This is the account of the 15,000-mile journey Colin Thubron made through Siberia, an astonishing country and one twelfth of the land surface of the whole earth.
He journeyed by train, river and truck among the people most damaged by the breakup of the Soviet Union, travelling among Buddhists and animists, radical Christian sects, reactionary Communists and the remnants of a so-called Jewish state; from the site of the last Czar’s murder and Rasputin’s village, to the ice-bound graves of ancient Sythians, to Baikal, deepest and oldest of the world’s lakes. It is the story of a people moving through the ruins of Communism into more private, diverse and often stranger worlds.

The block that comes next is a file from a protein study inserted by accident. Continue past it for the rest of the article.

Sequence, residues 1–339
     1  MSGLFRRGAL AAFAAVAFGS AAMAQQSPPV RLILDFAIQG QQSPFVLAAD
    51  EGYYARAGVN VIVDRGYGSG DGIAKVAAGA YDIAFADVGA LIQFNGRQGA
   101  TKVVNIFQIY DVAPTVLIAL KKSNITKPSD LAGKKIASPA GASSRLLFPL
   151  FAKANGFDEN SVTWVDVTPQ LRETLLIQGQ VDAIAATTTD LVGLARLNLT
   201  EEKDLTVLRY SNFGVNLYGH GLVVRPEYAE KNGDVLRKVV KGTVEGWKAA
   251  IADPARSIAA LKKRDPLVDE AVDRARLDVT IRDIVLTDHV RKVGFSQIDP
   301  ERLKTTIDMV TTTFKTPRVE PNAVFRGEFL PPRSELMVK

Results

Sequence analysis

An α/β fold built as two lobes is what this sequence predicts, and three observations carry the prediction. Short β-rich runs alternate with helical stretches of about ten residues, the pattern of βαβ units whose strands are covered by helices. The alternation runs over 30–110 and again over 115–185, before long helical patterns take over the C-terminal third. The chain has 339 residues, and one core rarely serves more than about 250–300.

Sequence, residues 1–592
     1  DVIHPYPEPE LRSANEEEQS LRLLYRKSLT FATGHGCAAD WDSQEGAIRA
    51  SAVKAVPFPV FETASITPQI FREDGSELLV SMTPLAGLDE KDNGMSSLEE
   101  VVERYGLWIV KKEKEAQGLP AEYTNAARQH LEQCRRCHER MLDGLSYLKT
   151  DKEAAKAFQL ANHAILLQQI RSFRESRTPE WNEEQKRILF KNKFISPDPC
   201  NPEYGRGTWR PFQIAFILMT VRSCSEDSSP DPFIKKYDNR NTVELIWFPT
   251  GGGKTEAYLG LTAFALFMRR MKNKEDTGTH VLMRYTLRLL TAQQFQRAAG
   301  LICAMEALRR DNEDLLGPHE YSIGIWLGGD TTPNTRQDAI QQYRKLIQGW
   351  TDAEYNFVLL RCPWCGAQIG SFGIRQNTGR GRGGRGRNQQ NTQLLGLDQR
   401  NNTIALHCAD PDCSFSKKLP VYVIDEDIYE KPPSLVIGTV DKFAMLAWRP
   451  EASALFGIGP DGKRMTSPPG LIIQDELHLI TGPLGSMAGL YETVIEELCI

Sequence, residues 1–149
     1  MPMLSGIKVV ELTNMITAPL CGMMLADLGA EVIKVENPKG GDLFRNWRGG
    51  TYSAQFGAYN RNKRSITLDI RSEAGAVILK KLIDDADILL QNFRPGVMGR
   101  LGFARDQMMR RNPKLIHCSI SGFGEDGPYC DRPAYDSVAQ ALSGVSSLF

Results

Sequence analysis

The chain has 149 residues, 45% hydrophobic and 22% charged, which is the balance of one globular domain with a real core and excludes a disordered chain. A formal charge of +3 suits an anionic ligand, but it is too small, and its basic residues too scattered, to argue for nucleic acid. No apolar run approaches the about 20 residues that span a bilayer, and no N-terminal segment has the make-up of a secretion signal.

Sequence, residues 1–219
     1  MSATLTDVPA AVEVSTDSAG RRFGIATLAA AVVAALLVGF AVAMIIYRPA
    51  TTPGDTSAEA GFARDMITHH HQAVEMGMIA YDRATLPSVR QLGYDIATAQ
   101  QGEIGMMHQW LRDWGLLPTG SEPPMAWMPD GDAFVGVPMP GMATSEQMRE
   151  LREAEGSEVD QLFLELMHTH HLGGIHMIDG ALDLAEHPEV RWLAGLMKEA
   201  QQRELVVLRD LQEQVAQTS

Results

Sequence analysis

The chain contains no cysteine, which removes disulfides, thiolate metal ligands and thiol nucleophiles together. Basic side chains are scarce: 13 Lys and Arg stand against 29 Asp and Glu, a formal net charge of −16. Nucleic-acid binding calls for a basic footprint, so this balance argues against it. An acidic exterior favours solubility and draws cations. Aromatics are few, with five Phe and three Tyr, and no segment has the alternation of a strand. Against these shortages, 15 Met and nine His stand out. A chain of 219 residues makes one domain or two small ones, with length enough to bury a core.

‘A profound meditation on how some of the great upheavals of this century touched ordinary lives’ Kazuo Ishiguro, Observer, Books of the Year
‘I have never made it as far as Siberia, but reading this book makes me feel as if I have actually been there. Thubron weaves his own observations beautifully with the history of this part of the world’ Sunday Express
In 1992, I started working for a strange but beguiling organization. The Royal Society of Literature was, in those days, housed in a huge, dilapidated mansion in Bayswater, and it was there that its...Read more